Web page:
She went into the hospital this morning for some tests that they will be running on her for the next week or so. According to what I've heard about it- they're taking her off of all her medication and monitoring her 24 hours a day to see how her body reacts. Worst case scenario, this will lead to brain surgery, but I'm not sure how far down the line that would be.

For someone who writes for a living, and has a history of over-indulging information in that medium, I find myself almost at a loss for words with this. I wrote a college paper about it about a year after it happened, only showing it to a select few outside of my professor, mainly because if I told someone who didn't know me I felt somehow safer expressing how it made me feel. I think that, in circumstances like these, people find it difficult to talk about how they feel. Even for me.

I'm not ready to share the essay I wrote about it. I will explain my thought process to some extent because I feel like I have an opportunity to identify and therefore help people out there who have been through a trauma with a loved one.

For one thing, it's surreal. In regards to that part of my life, I often feel like I'm reading about it in a book about someone else. When I went to the hospital after it happened I kept feeling like I wasn't really there. It was fake, to me. Like I was walking through one of those haunted houses at Halloween where you see someone and think it's a doll but then they jump up and grab you... I kept waiting for her to jump up and say "Gotcha!"

For another thing, it's scary. I think that's obvious. But after enough people ask you about it, you become so emotionally exhausted that you can't respond anymore. Explaining it again and again becomes you reciting some script, and you begin to lose feeling in it because you're not even thinking about how your feelings have evolved past shock and confusion. And each day becomes something different, but you sort of never graduate to the next level of emotion because thinking about it makes your head hurt, so you have to go off your natural instincts- which for me at least were fight or flight. How I felt about it became irrelevant because everyone else was so upset that all I could do was what I could for them, seeing as how I couldn't do anything more for my sister at the moment. It's like being on auto-pilot.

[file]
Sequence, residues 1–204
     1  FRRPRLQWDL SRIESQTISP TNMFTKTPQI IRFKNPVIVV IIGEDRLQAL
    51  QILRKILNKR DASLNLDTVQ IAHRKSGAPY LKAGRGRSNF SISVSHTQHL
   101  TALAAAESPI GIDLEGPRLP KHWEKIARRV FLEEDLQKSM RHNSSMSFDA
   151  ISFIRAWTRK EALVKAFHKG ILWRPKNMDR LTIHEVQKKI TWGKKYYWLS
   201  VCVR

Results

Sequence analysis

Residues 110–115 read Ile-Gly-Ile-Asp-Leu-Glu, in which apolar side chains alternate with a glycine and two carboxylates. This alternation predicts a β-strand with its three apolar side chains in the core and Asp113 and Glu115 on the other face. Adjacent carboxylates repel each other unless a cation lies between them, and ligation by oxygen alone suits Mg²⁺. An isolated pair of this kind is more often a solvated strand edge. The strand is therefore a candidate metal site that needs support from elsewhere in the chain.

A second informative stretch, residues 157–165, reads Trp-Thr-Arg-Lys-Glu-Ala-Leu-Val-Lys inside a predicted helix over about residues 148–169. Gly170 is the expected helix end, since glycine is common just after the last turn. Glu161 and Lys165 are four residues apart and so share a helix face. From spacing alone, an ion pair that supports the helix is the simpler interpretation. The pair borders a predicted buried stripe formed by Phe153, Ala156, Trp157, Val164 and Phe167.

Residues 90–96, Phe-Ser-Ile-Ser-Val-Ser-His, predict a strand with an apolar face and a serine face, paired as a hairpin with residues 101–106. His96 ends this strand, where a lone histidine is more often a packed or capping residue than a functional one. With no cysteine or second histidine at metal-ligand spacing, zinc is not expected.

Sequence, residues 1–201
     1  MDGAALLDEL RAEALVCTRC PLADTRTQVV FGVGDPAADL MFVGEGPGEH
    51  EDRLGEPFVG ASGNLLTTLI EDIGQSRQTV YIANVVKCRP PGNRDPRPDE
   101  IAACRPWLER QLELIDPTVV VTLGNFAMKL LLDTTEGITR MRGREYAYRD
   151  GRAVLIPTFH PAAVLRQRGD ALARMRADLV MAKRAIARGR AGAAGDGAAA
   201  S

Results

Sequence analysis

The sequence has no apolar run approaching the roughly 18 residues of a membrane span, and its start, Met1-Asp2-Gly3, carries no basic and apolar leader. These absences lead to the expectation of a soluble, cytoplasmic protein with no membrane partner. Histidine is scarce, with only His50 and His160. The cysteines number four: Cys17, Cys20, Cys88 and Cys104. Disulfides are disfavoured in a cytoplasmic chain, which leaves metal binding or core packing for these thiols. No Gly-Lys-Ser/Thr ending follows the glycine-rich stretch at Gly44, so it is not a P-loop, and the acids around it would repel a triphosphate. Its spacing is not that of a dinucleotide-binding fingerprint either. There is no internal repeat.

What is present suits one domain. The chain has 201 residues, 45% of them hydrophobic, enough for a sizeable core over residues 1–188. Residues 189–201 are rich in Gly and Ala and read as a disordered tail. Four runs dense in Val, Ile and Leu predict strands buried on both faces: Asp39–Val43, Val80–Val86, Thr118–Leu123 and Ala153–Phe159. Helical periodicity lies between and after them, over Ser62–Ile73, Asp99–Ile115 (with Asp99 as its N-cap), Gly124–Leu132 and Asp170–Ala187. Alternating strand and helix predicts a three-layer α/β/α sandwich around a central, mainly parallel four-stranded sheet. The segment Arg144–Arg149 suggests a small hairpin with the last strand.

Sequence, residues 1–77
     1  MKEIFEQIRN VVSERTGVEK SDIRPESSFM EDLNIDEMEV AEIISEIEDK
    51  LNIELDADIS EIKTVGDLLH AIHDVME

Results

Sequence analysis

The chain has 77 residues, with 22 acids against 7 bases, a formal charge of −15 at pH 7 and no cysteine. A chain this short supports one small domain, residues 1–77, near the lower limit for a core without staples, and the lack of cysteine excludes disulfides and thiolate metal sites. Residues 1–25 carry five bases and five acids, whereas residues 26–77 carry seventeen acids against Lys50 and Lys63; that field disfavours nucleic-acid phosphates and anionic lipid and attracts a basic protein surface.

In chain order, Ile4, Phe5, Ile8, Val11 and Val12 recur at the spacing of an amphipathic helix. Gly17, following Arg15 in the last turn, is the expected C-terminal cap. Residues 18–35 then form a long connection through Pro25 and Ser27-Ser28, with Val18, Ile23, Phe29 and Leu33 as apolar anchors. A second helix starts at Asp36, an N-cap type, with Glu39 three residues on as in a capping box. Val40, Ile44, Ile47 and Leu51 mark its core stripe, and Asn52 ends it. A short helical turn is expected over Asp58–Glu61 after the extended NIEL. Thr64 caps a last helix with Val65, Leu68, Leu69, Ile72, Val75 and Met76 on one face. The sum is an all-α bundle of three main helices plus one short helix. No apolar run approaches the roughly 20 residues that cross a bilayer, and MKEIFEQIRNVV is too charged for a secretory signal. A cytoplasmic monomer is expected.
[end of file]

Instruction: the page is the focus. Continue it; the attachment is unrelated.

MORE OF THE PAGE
And to be honest... I don't know if I ever graduated past that point. Even in helping with my sister- I don't know how much I've graduated there past "well, I'll just try to be emotionally there for whoever wants to talk about it." I help if and when I can, but I think that sometimes I'm still just afraid. I can't really explain why.

My family has always been "talkers." We talk through feelings and we sort through stuff verbally together, whether we all want to or not. But no one in my family really talks about it this. It's the first time I think we've ever done that, and it somehow scares me even more. Feelings are off-limits for the first time since I can remember. I guess it seems unanimously selfish to worry about our own feelings when my sister is the one we should be thinking of. And I know I kind of suck at helping as much as I ought to. And I don't know why that is either. Can I blame it on being the youngest child and therefore somewhat selfish?